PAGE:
- Practicar mi español: Desde que he estado en canadá de nuevo (un poco mas que un año), casi nunca he practicado mi español y tengo miedo de que olvidaré lo que me tocó mucho tiempo aprender. Tengo suerte para trabajar en una escuela muy internaciónal, y una amiga del trabajo (o “brete” para ustedes quienes son ticos) de cuba me va a ayudar en esto. Ojalá que pueda recorder lo que ya se me fue.
- Learn French: That I didn’t write that en Français tells you all you need to know about my current level of the language del amor. If that isn’t enough, my recent trip to Montreal certainly cemented the idea. Having learned Spanish, I can clearly see the value that foreign languages offer; and being Canadian, I find it a tad silly that I, and most Canadians, fail to speak both official tongues of this amazing nation. I plan to, at least somewhat (I bought some books), alter that in regard to myself.
- Play hockey: I played hockey for the majority of my childhood and up until I moved abroad in the summer of 2010. Last Saturday was the first time I played since that time and the best adjective to describe my re-integration into the sport is “horrible.” Mostly, I haven’t been very active since I’ve moved back to Canada, and that must change. I love hockey and, for as much as my body will let me, plan to play every week.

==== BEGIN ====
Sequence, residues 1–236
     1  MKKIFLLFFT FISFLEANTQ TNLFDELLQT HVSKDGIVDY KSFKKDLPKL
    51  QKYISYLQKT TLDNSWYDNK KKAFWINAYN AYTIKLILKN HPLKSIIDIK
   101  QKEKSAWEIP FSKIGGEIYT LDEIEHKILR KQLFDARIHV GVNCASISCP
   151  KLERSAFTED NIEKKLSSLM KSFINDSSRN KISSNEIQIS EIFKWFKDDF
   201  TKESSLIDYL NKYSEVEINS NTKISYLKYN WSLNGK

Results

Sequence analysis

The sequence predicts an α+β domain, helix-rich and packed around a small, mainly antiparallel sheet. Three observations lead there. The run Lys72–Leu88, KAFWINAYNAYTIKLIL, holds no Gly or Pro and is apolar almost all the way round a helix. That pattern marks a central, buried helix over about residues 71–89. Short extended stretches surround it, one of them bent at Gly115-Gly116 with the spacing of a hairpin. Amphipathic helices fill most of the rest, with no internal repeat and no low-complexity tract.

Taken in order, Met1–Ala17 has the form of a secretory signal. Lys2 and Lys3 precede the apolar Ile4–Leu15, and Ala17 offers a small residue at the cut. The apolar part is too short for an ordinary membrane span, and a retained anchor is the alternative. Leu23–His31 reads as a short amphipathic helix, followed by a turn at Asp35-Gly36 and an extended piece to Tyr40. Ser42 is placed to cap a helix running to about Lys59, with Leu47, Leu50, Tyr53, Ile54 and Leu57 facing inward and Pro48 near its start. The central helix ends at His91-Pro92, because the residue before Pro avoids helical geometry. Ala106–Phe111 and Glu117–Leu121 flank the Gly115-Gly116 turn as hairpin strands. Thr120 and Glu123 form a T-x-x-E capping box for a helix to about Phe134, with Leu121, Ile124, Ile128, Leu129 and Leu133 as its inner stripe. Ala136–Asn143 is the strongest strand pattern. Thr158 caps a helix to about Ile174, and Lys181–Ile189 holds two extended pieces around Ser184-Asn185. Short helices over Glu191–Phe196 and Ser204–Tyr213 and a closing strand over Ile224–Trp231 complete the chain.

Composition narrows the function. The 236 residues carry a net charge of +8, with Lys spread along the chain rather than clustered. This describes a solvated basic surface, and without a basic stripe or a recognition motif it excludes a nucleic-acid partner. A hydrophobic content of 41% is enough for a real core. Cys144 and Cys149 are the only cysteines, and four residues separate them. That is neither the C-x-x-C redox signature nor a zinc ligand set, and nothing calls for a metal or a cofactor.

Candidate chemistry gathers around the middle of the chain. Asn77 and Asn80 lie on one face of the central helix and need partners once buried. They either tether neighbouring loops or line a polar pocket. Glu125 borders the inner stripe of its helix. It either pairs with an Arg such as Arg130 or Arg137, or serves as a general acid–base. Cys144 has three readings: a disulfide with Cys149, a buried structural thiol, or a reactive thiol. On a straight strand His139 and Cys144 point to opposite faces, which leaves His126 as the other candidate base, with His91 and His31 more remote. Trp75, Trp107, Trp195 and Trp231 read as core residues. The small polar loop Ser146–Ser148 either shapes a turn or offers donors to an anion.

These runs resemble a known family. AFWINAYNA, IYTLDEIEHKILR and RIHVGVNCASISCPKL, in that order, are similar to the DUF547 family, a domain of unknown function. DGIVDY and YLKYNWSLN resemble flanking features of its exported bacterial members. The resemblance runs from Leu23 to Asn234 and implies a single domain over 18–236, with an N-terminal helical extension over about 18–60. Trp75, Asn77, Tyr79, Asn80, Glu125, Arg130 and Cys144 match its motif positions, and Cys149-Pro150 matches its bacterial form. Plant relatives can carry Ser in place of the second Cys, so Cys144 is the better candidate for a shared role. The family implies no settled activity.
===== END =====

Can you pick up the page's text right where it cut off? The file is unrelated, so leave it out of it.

- Keep travelling: My trip to Montreal opened my eyes: there are many, many amazing places close to Toronto that I’ve never been to and have absolutely no reason to justify not visiting. While I’d love to say that I could just move to Thailand or South Africa on a whim, I’m not entirely convinced that I’d want to anymore. Travelling doesn’t necessarily mean living abroad; I need to remind myself that I can — and should — take many small trips to satisfy the best of both worlds. I’ll always have an urge to experience new and exotic places, and if I’m not sitting on a beach for one or two weeks a year, something’s wrong.
- Finding balance: This is point that’s easiest to say and most difficult to implement. Work commonly seems to find a way to intrude on other aspects of life, which can leave one tired or unmotivated to tackle tertiary ambitions. Essentially, though, if I’m able to integrate the previous five points, then number six will be adequately accounted for.
Not included on the list, but an equally important component is my quarterly 21-day no alcohol quests. This one started on Boxing Day and Day 2 has already bore many of these fruits: I’m writing again; I studied a little French this morning; I’ve traveled outside the city to visit my brother in Muskoka; and I’ve messaged a friend from Costa Rica, in Spanish, of course. None of these things are drastic, but are all essential parts of the whole. I will drink again (I’m cleansing, not quitting) but I already feel better. The last time I did a 21 day-er, I felt invigorated and re-energized, and I am excited to feel the same this time.
Drinking on New Year’s Eve? I’ll be the guy with coffee in the bar, thank you.
I learned long ago from a really good friend that there will always be a reason to do something; it’s up to you to decide not to do it. On the way to Montreal, that same friend and I were discussing our lives and the need to have a “home base.” We’ve both lived outside of Canada for extended periods of time and, thus, can now cherish what our home nation offers. Toronto has the same name, but is in no way the same city that I left almost five years ago. She will, thankfully, keep evolving; I need to ensure I do the same.